Wow! Mike Bloomberg (newly announced candidate for president) has apologized to Cory Booker for calling him, “well-spoken.” Horror of horrors!
He was criticized for his comment which, to me, sounds like a compliment. Honestly, I would love to be known as well-spoken. But then, I’m not into the whole “woke,” PC thing. Booker was apparently, “Taken aback” by the comment. Critics called the compliment…er, slur…a “racist trope.”
Quite honestly, I’m more offended by the word, trope, than the term well-spoken (mostly because I don’t know what trope means). I would love to take a vote among all Americans to see what percentage of folks would find it insulting to be known as well-spoken. Things have changed. When I was in high school, my teachers always drilled it into our heads that we should work hard at becoming well-spoken. I never quite achieved that high plateau, but I’m still trying. Maybe I should quit while I’m behind.
Interestingly enough, after Kamala Harris dropped out of the presidential sweepstakes, Booker made the comment, “It is a problem that we now have an overall campaign for the 2020 presidency, that has more billionaires in it than black people.” Bloomberg, of course, is a billionaire. That’s two strikes, Michael.
Actually, I was kidding earlier when I said I didn’t know the definition of the word, trope. But to be truthful, I’m guessing most people don’t know that particular word at all. It’s only come into vogue during the past couple of years. It’s been around for centuries, but very few people actually used it during the course of everyday conversation. A trope is a figure of speech that moves the meaning of the text from literal to figurative. An example of a common trope would be, “Stop and smell the roses.” When you say it, you probably aren’t talking about roses per se. Fortunately, everyone gets it.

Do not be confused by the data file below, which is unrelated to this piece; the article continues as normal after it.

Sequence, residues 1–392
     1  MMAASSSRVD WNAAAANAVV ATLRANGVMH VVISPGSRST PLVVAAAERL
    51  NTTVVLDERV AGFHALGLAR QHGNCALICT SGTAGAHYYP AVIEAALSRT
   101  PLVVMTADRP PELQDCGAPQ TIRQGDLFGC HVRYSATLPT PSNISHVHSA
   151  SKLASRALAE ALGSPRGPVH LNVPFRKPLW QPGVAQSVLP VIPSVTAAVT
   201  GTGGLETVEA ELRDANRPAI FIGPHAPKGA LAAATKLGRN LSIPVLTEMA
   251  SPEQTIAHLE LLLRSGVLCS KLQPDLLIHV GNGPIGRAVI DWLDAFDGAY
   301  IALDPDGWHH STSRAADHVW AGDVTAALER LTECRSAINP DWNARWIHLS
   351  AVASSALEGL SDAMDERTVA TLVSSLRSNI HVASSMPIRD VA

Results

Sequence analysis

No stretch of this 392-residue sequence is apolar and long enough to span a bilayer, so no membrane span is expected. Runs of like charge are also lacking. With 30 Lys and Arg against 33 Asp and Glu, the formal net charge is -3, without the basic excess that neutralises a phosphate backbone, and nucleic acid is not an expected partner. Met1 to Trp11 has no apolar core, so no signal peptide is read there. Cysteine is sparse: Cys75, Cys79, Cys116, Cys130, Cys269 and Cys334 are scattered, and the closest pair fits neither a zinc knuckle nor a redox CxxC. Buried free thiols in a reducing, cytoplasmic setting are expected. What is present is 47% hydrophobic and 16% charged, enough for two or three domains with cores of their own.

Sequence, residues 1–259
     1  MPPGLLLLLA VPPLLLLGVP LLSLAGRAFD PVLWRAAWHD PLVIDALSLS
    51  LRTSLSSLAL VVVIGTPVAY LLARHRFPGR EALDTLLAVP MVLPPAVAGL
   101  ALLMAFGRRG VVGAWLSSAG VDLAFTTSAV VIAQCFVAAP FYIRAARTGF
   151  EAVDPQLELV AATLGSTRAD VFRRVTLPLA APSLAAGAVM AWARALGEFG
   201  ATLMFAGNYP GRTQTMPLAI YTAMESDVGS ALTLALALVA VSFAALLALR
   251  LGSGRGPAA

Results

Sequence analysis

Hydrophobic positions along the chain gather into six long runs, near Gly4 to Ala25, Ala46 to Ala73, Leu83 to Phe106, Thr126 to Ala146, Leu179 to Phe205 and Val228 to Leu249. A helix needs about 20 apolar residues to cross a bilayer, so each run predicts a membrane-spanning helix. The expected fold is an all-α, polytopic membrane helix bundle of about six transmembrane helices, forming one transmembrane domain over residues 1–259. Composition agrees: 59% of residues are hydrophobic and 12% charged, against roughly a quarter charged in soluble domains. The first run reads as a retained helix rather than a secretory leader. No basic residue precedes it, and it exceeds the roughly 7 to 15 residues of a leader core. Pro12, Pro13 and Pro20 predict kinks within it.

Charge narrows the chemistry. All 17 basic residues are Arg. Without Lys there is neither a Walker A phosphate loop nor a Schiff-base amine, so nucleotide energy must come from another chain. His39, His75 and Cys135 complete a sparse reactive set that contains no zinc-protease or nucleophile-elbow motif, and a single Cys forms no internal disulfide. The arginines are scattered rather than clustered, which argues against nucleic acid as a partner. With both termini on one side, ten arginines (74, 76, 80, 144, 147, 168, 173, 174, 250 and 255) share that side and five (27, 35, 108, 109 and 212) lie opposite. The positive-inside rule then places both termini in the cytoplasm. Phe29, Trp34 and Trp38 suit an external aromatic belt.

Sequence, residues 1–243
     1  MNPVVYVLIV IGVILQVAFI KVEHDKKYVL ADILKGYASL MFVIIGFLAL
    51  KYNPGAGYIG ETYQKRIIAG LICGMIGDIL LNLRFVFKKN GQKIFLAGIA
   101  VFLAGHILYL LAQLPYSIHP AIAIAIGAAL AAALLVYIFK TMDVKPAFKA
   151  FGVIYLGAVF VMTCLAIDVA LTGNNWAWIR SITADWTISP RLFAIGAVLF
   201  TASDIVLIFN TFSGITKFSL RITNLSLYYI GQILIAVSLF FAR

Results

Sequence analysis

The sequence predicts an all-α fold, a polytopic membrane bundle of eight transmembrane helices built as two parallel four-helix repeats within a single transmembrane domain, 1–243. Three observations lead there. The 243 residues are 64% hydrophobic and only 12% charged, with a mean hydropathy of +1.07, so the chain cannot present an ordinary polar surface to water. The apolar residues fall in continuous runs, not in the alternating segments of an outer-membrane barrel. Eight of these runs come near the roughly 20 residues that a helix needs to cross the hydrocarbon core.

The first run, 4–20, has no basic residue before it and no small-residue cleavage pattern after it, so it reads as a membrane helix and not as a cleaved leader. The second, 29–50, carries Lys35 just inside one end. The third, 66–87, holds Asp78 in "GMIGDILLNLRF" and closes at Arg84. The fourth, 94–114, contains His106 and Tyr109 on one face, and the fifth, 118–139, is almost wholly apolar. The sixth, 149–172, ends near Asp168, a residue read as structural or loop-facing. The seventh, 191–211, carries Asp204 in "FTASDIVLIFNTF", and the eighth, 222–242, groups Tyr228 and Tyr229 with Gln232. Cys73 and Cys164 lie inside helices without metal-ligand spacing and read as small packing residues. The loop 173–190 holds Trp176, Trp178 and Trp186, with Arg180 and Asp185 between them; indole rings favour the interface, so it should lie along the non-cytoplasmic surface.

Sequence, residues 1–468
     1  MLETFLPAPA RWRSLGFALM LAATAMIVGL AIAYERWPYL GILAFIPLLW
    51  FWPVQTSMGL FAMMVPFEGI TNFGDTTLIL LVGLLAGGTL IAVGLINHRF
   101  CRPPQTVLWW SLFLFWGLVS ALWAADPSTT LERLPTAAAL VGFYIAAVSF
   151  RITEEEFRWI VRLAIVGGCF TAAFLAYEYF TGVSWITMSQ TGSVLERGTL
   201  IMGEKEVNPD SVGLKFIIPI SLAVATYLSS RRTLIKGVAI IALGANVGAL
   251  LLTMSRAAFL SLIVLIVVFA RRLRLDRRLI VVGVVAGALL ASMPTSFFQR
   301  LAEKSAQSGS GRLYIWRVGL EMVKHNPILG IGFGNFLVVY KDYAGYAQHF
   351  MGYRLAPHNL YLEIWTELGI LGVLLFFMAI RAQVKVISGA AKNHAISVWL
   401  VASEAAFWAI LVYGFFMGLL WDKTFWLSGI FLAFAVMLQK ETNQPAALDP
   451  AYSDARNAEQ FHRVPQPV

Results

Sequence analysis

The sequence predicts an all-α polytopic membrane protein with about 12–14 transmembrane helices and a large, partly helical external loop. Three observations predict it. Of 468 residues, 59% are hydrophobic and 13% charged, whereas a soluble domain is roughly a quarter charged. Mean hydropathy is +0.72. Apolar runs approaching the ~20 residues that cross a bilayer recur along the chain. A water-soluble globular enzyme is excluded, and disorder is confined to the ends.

Recently, people have used another trope to point to tropes they don’t like. That trope is “dog whistle.” They don’t literally mean dog whistle. They mean that someone is using a trope that only certain people will hear and understand. Understand? I know. It can be confusing.
A Ticking Time Bomb
It used to be that everyone knew a trope when they heard it (even if they didn’t know that the technical name for it was trope). For example: If someone said, “This is a ticking time bomb,” we knew they weren’t literally referring to an actual explosive device.
Unfortunately, today we’re coming up with new tropes that no-one immediately gets—like “well-spoken” or “hired help.” I once used the term, hired help, and almost got my head handed to me. I had to explain that all of us in the office—including me—were the hired help.
It’s getting to the place where I would like someone to compile a comprehensive list of what I’m allowed to say. One of my pet peeves is having the English language stolen out from under my nose. See what I did there?
[Dave Zuchelli is a graduate of Pittsburgh Theological Seminary and currently resides in Aldie, VA.]